• A 3.7 GPA is at a university where the most common grade given is an A. You are now seeing the evil dark side of grade inflation. As they said in The Incredibles: "When everyone is super...no one will be!"
    • Participating in research is not the magic that some people here think it is. What matters is what you got out of it, and that shows up in the letters. You say the letters are strong. How do you know? "Best student all year" is an average letter.
    Given that, sure, apply to some top tier schools. But you should probably also apply to some other ones - in particular, look for smaller schools with strong programs in what you are interested.
     
  12. Oct 15, 2016 #11
    Thanks for your reply. I don't really think my application is "strong" because I don't really know what a strong application is. Yeah, I'm aware that a "good" score is pretty much above an 800. I didn't know the stat about how many people take the GRE vs how many enroll, that's good to know.

    I assume you looked at my post history for my GPA/school. Ahhh, the magic of grade inflation. Yeah. I guess you're right. I am pretty sure that an A isn't the most common grade given in a physics class at my university, and they do put the stats of how many people got the grade you got in the class on your transcript.

    When you say it matters what you got out of research--what do you mean? I am working on a senior thesis, presented my work at the APS meeting, working on a publication. I'm not trying to toot my horn, just genuinely curious and a little confused about what you mean I should be getting out of a research experience. I say that about my letters because my professors and research advisors writing me letters have written them for me before for REUs and the like, to general success, and I'm pretty sure rec letters are important factors in those decisions. I've also only worked on projects where I was the sole student for the summer/year, so I've gotten to know my research mentors and they've gotten to know me and my work quite well.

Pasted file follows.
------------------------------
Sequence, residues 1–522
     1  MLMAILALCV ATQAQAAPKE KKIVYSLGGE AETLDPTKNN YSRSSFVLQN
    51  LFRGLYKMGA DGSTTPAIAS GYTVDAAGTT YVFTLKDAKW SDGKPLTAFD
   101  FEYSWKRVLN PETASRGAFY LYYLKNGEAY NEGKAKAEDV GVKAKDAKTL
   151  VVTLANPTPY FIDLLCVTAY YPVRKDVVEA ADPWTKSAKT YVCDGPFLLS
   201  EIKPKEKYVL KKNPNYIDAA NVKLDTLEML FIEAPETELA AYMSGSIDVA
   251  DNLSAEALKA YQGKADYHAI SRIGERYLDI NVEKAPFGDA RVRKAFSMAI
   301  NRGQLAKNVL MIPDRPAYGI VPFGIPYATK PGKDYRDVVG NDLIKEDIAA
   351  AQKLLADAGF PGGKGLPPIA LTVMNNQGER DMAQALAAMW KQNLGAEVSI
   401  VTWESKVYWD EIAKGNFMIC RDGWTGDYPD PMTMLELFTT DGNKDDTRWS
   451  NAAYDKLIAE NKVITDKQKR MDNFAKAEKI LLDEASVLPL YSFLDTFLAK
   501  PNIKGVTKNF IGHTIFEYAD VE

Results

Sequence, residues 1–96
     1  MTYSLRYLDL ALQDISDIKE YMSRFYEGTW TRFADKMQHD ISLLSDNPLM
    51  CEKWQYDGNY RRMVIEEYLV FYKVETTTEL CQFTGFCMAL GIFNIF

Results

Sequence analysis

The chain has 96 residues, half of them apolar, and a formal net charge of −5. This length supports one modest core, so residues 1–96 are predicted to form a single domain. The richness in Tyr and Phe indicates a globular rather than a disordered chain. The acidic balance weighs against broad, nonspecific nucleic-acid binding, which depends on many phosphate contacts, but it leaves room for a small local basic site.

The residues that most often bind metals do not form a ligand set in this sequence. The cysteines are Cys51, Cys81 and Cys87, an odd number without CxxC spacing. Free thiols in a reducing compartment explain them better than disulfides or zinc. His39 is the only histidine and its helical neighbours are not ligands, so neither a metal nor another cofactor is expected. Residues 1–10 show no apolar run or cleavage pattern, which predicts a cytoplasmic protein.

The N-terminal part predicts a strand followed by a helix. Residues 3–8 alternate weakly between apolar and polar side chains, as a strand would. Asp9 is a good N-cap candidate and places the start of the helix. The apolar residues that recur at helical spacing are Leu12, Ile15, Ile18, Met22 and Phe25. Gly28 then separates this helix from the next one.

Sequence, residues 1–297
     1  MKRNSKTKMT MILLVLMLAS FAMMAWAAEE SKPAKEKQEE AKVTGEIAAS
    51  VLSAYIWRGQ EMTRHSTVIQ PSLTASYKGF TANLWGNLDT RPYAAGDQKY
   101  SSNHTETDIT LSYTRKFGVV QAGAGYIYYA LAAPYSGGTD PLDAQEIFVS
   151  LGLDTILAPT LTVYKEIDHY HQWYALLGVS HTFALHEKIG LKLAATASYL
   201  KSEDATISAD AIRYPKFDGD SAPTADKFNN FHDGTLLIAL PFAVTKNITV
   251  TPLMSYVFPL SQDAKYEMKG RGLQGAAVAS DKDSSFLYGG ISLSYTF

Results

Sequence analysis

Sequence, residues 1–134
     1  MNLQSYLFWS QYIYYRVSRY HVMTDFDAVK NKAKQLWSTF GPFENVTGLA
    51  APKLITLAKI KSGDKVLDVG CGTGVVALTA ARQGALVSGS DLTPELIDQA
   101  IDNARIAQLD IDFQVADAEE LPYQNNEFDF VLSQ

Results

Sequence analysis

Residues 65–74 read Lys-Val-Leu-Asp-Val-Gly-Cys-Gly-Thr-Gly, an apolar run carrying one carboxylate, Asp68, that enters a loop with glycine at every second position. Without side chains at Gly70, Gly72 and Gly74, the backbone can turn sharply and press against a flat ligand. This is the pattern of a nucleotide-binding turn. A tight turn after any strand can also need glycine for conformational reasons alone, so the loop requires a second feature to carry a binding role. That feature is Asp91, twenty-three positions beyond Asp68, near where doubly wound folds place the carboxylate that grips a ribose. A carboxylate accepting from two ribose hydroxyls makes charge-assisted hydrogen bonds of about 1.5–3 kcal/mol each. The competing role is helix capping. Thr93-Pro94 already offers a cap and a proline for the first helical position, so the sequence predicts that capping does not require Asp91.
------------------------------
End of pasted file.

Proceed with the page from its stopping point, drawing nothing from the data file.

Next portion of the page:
I'm trying to look for small schools dedicated to what I'm interested in. I'm very interested in nuclear physics, hence, I found George Washington University.

    Thanks for the advice. It's appreciated.
     
  13. Oct 15, 2016 #12

    Vanadium 50

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    Saying "I did an REU over the summer" will barely move the needle when it comes to a decision. Having the REU advisor write a letter that says "She did X, Y and Z on this project and also learned how to do A, B, C. She was the best REU student in the last 10 years" will be a strong positive. In between is, well, in between.
     
  14. Oct 15, 2016 #13